At the start of 2019, we highlighted a number of issues to watch in the global automotive industry. Key among them were the market slowdown in China, trade frictions and Brexit. While concerns related to these issues have changed, they have not gone away.
China did, indeed, see the slowdown intensify in the early months of 2019, but the local Light Vehicle market has since stabilised. This year, we do not expect the market to either grow or shrink in any significant way.
On trade and tariffs, specifically with respect to vehicle imports to the US, agreement appears to have been reached between the US, Canada and Mexico. Korea has also secured safety from potential US tariffs, while Japanese vehicle imports, as numerous as they are, look to be avoiding too much attention. The threat of tariffs for European OEMs, however, remains.
“another deadline looms, with parallels to the 2019 ‘no-deal’ scenario, at the end of 2020, if the UK and EU do not have agreements in place for a post-Brexit status quo”
Brexit did not happen in a disorderly fashion, as sometimes appeared likely during a politically fractious 2019. The newly elected UK government will now take the UK out of the EU at the end of January and into a 2020 of little change. But another deadline looms, with parallels to the 2019 ‘no-deal’ scenario, at the end of 2020, if the UK and EU do not have agreements in place for a post-Brexit status quo. The direction of the negotiations throughout this year will have important consequences for the future of the UK and European automotive sector.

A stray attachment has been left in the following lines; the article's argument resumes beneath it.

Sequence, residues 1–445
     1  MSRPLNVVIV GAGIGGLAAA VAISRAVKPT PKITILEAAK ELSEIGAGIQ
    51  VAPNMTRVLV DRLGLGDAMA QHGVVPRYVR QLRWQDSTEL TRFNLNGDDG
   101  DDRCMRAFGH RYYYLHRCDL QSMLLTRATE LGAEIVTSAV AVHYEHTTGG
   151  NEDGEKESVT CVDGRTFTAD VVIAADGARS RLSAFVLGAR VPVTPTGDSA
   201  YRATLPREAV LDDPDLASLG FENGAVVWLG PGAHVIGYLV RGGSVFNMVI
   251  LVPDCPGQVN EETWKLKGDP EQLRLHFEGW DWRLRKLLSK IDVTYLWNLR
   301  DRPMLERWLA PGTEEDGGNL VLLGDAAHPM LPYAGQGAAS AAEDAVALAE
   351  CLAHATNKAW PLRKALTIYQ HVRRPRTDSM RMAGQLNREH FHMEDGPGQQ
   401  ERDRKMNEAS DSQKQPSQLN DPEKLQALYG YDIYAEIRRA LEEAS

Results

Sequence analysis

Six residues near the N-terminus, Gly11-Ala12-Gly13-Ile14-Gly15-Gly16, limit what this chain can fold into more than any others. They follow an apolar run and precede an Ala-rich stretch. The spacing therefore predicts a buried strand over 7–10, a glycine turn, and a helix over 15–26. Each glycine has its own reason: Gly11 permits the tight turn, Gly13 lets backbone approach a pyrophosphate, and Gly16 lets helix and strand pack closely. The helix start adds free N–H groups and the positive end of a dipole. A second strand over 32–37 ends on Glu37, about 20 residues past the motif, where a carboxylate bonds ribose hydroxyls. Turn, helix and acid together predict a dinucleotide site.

Vehicle electrification was big news in 2019, as expected, even though sales continued to be modest. But the formal start of CO2-reduction targets in 2020 in the EU is likely to see a lot more electrification across vehicle powertrains, with significant jumps in sales of pure battery vehicles, conventional and plug-in hybrids, and 48V mild hybrids. The targets only get tougher in 2021. The PSA-FCA tie-up, which was, in part, driven by these kinds of regulatory directives, may not be the last.
A new issue to consider is the resilience of the large mature markets in the US and Europe. Last year’s global decline mainly impacted non-mature markets, some of which (i.e. Turkey or India) may come back a little in 2020. But can the industry rely on the US and Europe for stability? The answer is most likely yes, although with some fragility remaining, it will be worth keeping a close eye on developments.